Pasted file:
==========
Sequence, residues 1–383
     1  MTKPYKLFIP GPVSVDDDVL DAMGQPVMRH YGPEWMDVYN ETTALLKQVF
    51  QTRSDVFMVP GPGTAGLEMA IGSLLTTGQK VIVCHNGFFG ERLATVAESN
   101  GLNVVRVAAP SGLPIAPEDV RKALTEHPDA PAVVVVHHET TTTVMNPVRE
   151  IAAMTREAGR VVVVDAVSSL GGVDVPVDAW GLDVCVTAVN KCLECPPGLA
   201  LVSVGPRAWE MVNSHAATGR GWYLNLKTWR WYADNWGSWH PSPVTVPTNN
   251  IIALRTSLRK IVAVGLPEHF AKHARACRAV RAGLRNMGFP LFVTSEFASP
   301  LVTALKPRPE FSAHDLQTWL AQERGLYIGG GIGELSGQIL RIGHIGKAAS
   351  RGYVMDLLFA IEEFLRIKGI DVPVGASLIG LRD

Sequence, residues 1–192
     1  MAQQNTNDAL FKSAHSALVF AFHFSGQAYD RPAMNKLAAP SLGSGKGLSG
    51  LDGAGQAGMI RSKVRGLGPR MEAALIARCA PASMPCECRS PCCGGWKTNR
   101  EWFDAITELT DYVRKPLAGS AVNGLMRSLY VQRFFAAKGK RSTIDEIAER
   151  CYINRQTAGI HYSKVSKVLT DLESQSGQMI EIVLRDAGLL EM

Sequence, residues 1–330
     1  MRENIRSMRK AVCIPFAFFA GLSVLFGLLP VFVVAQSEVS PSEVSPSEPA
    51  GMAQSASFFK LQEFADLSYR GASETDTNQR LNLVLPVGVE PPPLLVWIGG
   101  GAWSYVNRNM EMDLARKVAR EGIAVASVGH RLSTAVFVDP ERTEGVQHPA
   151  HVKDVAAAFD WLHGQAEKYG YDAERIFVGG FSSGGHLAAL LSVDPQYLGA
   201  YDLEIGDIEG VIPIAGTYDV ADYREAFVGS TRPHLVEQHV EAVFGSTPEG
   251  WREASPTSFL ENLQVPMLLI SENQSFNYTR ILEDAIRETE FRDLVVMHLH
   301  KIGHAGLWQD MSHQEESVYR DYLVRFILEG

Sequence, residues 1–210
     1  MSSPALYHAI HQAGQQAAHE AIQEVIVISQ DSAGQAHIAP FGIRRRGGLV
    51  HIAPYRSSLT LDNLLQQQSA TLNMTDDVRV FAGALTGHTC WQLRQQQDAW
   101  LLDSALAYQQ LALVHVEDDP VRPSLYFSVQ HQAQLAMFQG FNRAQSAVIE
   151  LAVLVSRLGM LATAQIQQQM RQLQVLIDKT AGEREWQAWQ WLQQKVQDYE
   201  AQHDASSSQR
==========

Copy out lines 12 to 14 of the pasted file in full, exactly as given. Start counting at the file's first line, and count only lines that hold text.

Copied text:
    51  LDGAGQAGMI RSKVRGLGPR MEAALIARCA PASMPCECRS PCCGGWKTNR
   101  EWFDAITELT DYVRKPLAGS AVNGLMRSLY VQRFFAAKGK RSTIDEIAER
   151  CYINRQTAGI HYSKVSKVLT DLESQSGQMI EIVLRDAGLL EM